Meet…#10 | Pia Fischer
In ‘Meet the team…’ series, GROUP A employees react to a number of statements about their work. This time it’s Pia Fischer’s turn. Pia has worked at GROUP A since 2009 and comes from Germany, where she studied architecture at the FH Erfurt, and then at TU Delft. She lives in Rotterdam.
I prefer to work
– in a large team on a complex project
– to a small project in a smaller setting
I like it when I know about everything that’s going on. This may be easier in a smaller setting. Nevertheless, I also like to work in a large team. To see that it is a success because of the team and everyone’s role in it is very nice. I think a team like a well-oiled machine is great!
The biggest challenge in my work is
– designing a design that is timeless
– designing a design that works well for the user
A building must work well for the users and the environment. The function, materialization and appearance of a building is closely linked to the period in which it arises. I am convinced that a good building will last a long time and can work well for its (next) users. Is it timeless?
When I start a project
– then I know exactly how I want it
– then it takes a while before the design takes shape
I have to dive into the assignment, the context, the users. In the beginning I try to stay open for different solution directions. If the preconditions are collected and analysed, the ideas begin to take shape.
If I can choose then I will live in a building of
– Rem Koolhaas – Zaha Hadid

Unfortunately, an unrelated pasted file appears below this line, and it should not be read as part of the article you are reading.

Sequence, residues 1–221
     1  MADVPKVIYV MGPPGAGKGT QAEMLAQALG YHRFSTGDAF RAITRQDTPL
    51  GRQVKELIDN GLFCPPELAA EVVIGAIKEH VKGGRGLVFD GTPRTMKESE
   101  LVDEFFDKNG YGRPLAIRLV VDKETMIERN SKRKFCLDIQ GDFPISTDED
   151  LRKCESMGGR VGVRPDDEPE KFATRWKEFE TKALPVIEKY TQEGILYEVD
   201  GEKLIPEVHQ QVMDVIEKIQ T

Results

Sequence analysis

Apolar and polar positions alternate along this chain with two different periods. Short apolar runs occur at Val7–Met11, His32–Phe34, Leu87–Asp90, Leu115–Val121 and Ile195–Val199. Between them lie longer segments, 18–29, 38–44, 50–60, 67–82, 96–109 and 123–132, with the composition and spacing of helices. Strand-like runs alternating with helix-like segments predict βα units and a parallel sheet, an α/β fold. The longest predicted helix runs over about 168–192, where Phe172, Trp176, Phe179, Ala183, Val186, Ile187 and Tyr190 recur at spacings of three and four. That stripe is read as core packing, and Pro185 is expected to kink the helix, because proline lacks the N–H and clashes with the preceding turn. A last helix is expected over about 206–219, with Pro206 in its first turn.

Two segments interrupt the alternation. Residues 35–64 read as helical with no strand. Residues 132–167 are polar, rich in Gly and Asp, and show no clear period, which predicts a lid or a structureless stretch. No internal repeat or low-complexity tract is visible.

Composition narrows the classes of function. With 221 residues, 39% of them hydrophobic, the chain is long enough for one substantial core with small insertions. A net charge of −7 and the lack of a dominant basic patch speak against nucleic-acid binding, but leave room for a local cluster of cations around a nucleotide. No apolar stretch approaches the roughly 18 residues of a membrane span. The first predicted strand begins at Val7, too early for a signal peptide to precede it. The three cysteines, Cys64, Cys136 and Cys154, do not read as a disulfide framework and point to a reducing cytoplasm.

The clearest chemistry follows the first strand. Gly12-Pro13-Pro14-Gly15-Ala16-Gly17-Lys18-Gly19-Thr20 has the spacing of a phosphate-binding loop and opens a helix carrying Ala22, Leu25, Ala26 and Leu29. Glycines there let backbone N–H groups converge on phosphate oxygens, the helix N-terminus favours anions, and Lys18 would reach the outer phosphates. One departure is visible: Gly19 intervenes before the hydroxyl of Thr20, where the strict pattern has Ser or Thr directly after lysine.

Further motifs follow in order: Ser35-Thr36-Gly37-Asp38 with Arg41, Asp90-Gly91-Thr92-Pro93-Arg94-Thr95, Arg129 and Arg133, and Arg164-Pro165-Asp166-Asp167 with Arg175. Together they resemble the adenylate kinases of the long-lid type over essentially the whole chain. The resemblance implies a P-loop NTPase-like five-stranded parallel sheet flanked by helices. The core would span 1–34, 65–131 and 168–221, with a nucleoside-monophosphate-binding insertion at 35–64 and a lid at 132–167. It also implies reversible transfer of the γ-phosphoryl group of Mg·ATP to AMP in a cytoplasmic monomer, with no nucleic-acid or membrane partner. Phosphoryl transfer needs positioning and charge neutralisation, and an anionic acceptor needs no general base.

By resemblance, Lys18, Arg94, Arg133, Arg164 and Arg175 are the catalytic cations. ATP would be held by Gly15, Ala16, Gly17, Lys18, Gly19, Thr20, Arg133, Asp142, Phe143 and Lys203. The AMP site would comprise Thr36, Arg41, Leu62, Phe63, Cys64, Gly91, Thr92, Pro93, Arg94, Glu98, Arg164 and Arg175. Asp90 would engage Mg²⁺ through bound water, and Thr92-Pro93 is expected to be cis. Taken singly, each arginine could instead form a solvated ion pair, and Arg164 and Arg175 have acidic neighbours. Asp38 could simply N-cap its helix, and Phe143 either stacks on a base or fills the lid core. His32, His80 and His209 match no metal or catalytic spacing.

… in Tuscany. The place is more important than the architect.
The most beautiful material to process in a design
– is a natural material
– is a material that works best in the design
Often the choice of materials makes the difference. This is related to detailing, but also to the aging process of the material. Materials that change over time in a positive way are important to me and fortunately these are mostly natural materials.
My colleagues describe me as
– someone who is in for a joke
– as a serious person
A bit of both would be nice.
But everyone knows that I am someone who is in for a glass of wine.
On a free Saturday
– I am often still busy with work
– I meet with friends
I do nice things, meet with friends. And the current project at GROUP A is usually also there, it continues to purr around me. My work is also my hobby.
I pass the baton on to my Italian colleague Laura Onnis because I wonder if the work we can do as architects in the Netherlands is sufficient compensation for the lack of ‘la dolce vita’.